A Black and White which is just shades of gray could be considered as a monochrome…if you consider gray a hue, and I do because as a photographer I am dealing with light, not paint… but Monochrome is not just black and white.

    Websters (as always) defines it the best:

    “: a painting, drawing, or photograph in a singlehue

    Hue could be an color on the color wheel red, blue, violet, yellow, etc. Sepia toning for instance is monochrome because there isn’t any black or white left after the filter or chemicals are applied. It is all different tones of a single hue of some variation of orange. But it could just as easily be blue.

    Incidentally, and slightly OT, unless you use a dedicated black and white printer that uses black and white paper, and chemicals (there are some out there), you will never get a true black and white image, because the printer will tone it in a way to make it appear black and white when they almost always a dark dark purple or blue, because they use color paper and chemicals. Try putting a black and white print up on a solid black or white matte board. Only then will you notice the colors that are in your black and white prints because your eye has a true black or white to compare it to.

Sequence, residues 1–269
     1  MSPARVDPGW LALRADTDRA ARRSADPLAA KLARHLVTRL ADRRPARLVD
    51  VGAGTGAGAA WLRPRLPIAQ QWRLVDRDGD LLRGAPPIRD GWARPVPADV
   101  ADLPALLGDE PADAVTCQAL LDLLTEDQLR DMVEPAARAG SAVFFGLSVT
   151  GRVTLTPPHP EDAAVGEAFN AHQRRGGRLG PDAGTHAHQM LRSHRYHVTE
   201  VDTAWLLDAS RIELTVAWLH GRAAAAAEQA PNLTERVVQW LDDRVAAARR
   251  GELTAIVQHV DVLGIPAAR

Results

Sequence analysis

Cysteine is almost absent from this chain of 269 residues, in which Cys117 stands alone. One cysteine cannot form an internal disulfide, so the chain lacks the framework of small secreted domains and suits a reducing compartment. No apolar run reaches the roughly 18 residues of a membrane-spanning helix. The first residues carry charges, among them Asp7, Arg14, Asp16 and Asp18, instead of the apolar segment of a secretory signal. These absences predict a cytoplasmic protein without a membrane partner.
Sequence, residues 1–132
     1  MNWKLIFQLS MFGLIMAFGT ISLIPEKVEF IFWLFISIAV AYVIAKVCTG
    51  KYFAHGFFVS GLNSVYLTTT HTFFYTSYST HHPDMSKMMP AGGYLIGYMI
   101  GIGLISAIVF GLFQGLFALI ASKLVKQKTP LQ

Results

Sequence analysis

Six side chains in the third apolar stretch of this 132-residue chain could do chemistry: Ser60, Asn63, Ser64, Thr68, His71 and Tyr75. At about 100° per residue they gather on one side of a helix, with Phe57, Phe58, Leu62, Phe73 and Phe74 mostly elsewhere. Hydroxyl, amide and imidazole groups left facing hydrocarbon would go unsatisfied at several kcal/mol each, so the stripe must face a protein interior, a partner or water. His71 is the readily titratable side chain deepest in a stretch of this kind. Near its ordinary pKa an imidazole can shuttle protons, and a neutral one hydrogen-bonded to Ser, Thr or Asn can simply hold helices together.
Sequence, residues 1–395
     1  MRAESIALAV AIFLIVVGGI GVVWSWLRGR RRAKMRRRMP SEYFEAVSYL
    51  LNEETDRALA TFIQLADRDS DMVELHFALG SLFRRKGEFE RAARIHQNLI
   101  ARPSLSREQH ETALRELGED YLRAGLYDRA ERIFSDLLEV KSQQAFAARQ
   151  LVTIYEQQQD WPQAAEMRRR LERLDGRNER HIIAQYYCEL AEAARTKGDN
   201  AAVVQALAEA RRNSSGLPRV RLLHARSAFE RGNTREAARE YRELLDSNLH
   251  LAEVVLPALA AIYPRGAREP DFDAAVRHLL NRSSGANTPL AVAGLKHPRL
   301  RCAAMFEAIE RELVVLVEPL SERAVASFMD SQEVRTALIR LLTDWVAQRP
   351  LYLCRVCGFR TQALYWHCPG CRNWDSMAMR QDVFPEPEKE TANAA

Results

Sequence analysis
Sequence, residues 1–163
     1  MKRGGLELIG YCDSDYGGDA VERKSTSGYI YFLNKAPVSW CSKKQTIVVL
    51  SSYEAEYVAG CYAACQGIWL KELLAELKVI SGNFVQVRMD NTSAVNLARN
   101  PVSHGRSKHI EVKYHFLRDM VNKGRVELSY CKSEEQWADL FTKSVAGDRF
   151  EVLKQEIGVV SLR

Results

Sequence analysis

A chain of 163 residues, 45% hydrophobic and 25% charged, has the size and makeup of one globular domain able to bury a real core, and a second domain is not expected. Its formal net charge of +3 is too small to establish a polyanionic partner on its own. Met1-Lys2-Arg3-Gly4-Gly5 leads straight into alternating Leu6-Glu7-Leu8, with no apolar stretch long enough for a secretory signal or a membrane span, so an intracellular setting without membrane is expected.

Anyhew that’s IMHO. :)

  • Katie

    What about cross processing?

  • Major Bokeh

    I thought this was an odd post. The headline is an over promise. “Coming to terms – Words you need to know” had me expecting a whole bunch of words, not just four.